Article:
Last updated on 18 Sep 2017
Last time I noted that phylogenetic classification was based on homologies, which I have elsewhere discussed. Now I want to consider how we might generalise it across all the sciences. And in particular I want to consider the other form of classificatory activity, by analogy, might also generalise. This will be a question of epistemology and the warrant for our inferences in science.
Late note: I have edited this to avoid some of the silly misunderstandings of abstract algebra I displayed earlier. I now include other silly misunderstandings.
“Homology”, as a term, arose first in mathematics, where it initially meant a mapping relation between sets of things, such as points in geometry. It was used by many people in various ways, but the founder of the modern use is the much-maligned Richard Owen (see chapters 7 to 10 in Williams and Ebach for the best historical overview of the use of “homology” that I know), who took the prior usage of Geoffroy of “analogy” and the discussions by Macleay and others of “affinity”, and came up with the term in 1843 (page 379), and explicated it in detail in 1848. He wrote:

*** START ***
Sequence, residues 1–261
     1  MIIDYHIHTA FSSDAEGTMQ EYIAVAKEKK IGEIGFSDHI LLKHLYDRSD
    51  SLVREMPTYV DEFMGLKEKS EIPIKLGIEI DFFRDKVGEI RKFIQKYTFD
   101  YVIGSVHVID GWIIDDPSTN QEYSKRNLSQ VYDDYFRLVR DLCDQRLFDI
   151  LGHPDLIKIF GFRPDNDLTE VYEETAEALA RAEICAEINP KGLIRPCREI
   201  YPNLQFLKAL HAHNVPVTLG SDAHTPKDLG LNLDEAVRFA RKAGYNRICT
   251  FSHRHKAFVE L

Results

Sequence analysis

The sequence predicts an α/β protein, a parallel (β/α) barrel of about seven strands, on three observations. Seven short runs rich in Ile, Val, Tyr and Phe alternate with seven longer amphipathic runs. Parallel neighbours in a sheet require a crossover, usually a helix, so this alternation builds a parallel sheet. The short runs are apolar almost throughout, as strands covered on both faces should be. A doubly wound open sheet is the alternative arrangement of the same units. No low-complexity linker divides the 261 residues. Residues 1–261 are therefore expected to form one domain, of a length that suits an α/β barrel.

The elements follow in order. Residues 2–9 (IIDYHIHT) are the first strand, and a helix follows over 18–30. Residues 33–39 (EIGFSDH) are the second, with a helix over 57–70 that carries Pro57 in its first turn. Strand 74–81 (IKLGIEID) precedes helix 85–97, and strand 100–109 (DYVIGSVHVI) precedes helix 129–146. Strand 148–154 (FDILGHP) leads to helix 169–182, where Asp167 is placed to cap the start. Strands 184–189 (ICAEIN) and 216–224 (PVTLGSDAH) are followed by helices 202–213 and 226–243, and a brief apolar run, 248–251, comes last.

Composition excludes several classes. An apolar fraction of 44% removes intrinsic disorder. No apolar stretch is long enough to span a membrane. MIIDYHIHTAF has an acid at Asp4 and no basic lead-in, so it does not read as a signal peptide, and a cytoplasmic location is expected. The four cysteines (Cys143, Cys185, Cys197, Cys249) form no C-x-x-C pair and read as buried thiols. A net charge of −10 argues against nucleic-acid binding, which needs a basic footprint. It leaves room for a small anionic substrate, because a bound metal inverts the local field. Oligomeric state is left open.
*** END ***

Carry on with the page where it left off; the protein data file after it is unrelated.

The corresponding parts in different animals being thus made namesakes, are called technically ‘homologues.’; The term is used by logicians as synonymous with ‘homonyms,’ and by geometricians as signifying ‘the sides of similar figures which are opposite to equal and corresponding angles,’ or to parts having the same proportions: it appears to have been first applied in anatomy by the philosophical cultivators of that science in Germany. [p5]
The term itself is basically just a term that maps a relation from one set of objects to another; the relation is called homology and the things related are called homologs (or, in the Coleridgean spelling, homologues). Such mappings are called isomorphisms (from the Greek of “equal form”), and if an isomorphism is one way only, so that one set has more than is mapped, this is sometimes referred to as a homomorphism. I shall treat homology as any isomorphism. Diagrammatically:
We can think of this more concretely, as the relation between maps. A map at a scale of 1:50,000 maps onto a map at a scale of 1:10,000; this is an injective relation. If there are elements of the 1:50,000 map not on the 1:10,000 map or vice versa, then it is a homomorphic relation.* If it happens that the larger scale map has the same elements as the smaller, only in finer detail, it is isomorphic. Now consider the famous Belon diagram: